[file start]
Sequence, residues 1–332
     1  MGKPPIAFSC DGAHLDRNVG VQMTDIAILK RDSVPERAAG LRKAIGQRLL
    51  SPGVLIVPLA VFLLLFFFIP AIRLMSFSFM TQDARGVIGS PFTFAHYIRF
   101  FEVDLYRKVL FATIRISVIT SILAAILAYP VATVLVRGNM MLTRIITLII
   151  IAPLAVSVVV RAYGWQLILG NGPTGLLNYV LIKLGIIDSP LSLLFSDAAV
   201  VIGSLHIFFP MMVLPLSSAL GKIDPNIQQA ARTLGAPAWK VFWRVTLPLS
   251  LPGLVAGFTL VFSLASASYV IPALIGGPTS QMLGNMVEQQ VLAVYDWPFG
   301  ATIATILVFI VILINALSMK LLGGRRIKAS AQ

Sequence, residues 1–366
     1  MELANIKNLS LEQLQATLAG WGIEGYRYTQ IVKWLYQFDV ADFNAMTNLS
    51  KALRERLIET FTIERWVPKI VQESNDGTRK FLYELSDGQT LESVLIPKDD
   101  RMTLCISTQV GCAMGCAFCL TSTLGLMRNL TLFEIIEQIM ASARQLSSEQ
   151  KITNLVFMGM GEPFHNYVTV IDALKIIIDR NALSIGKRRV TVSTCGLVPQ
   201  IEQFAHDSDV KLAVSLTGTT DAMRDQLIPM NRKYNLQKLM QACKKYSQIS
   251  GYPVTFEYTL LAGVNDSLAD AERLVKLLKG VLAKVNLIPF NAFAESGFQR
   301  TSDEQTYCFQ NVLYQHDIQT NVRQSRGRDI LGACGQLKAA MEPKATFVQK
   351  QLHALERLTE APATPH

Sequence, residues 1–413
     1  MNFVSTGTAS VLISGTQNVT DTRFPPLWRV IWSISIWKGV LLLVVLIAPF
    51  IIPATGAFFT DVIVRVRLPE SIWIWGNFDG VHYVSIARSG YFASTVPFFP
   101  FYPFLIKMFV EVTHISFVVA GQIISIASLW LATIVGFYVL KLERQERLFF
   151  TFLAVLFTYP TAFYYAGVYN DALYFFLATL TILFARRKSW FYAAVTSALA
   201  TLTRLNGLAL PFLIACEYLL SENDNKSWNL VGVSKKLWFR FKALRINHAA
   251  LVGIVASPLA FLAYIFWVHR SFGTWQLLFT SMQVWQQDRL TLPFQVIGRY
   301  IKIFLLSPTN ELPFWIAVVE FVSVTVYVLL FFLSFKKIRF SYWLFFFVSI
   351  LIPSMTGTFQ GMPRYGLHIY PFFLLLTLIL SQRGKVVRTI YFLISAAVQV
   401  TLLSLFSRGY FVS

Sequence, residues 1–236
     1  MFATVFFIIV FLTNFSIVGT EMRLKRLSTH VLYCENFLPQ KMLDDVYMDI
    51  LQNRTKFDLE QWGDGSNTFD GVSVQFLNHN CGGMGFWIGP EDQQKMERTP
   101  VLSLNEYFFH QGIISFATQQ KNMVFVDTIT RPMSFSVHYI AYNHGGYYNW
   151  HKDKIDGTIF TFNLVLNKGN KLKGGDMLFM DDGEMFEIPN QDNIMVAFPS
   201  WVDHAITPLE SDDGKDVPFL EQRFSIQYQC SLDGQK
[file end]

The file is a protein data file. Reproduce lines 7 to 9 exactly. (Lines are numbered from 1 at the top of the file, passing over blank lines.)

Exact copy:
   251  LPGLVAGFTL VFSLASASYV IPALIGGPTS QMLGNMVEQQ VLAVYDWPFG
   301  ATIATILVFI VILINALSMK LLGGRRIKAS AQ

Sequence, residues 1–366